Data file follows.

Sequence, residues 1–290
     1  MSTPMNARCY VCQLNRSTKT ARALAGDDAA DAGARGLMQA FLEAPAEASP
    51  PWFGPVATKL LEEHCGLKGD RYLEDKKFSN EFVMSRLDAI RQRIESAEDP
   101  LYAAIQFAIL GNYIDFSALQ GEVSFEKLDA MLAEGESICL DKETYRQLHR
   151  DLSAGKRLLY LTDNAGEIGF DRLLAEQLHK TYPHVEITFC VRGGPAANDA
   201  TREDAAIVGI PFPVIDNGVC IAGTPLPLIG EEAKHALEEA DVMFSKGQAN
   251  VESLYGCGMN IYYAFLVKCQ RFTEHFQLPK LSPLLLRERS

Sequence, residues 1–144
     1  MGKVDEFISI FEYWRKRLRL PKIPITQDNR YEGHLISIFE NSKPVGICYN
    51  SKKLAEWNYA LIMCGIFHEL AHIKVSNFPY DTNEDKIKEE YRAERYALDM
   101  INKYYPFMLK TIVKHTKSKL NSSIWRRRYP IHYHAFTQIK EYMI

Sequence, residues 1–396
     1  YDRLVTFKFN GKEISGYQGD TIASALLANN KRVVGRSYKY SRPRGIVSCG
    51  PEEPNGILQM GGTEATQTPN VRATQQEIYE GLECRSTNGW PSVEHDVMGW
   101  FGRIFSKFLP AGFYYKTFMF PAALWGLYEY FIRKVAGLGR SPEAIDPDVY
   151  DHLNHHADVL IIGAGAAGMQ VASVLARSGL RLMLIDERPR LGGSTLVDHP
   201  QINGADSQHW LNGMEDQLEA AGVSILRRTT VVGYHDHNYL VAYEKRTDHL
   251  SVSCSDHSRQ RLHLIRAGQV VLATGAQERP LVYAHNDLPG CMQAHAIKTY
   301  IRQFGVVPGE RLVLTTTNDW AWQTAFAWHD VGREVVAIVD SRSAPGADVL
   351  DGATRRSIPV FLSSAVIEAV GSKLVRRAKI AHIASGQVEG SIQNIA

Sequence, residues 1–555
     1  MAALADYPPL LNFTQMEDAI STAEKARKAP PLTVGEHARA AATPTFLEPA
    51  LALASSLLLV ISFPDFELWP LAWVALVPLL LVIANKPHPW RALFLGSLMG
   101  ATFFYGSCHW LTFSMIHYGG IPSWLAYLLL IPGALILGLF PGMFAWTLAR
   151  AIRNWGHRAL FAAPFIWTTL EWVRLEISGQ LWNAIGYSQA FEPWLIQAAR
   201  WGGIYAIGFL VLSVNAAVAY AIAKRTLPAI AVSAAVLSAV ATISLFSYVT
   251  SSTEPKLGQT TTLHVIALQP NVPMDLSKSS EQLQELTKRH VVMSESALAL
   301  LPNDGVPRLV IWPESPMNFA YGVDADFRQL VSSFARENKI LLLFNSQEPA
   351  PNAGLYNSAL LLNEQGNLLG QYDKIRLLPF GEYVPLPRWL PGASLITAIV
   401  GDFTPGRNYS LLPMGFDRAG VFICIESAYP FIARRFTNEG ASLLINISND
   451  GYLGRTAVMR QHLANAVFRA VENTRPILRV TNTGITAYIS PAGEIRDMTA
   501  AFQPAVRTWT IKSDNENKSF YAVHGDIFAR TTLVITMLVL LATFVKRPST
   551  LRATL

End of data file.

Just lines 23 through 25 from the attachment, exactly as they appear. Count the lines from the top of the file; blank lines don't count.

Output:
    51  LALASSLLLV ISFPDFELWP LAWVALVPLL LVIANKPHPW RALFLGSLMG
   101  ATFFYGSCHW LTFSMIHYGG IPSWLAYLLL IPGALILGLF PGMFAWTLAR
   151  AIRNWGHRAL FAAPFIWTTL EWVRLEISGQ LWNAIGYSQA FEPWLIQAAR